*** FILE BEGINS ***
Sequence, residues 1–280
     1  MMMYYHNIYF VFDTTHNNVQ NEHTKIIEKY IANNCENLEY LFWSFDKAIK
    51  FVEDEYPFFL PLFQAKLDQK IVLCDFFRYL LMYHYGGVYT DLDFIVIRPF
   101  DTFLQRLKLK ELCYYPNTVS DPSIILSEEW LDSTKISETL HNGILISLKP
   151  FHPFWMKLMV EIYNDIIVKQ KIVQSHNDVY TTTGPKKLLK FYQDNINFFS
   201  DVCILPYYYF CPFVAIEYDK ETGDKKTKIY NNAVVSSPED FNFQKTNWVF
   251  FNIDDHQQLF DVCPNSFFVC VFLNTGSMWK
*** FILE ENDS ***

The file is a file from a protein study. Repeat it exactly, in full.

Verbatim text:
Sequence, residues 1–280
     1  MMMYYHNIYF VFDTTHNNVQ NEHTKIIEKY IANNCENLEY LFWSFDKAIK
    51  FVEDEYPFFL PLFQAKLDQK IVLCDFFRYL LMYHYGGVYT DLDFIVIRPF
   101  DTFLQRLKLK ELCYYPNTVS DPSIILSEEW LDSTKISETL HNGILISLKP
   151  FHPFWMKLMV EIYNDIIVKQ KIVQSHNDVY TTTGPKKLLK FYQDNINFFS
   201  DVCILPYYYF CPFVAIEYDK ETGDKKTKIY NNAVVSSPED FNFQKTNWVF
   251  FNIDDHQQLF DVCPNSFFVC VFLNTGSMWK